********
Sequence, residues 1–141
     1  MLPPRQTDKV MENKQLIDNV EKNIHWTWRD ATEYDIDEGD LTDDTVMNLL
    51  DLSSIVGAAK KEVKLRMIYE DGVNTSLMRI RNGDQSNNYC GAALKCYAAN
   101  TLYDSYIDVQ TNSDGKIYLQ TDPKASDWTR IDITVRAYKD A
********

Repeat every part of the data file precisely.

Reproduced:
Sequence, residues 1–141
     1  MLPPRQTDKV MENKQLIDNV EKNIHWTWRD ATEYDIDEGD LTDDTVMNLL
    51  DLSSIVGAAK KEVKLRMIYE DGVNTSLMRI RNGDQSNNYC GAALKCYAAN
   101  TLYDSYIDVQ TNSDGKIYLQ TDPKASDWTR IDITVRAYKD A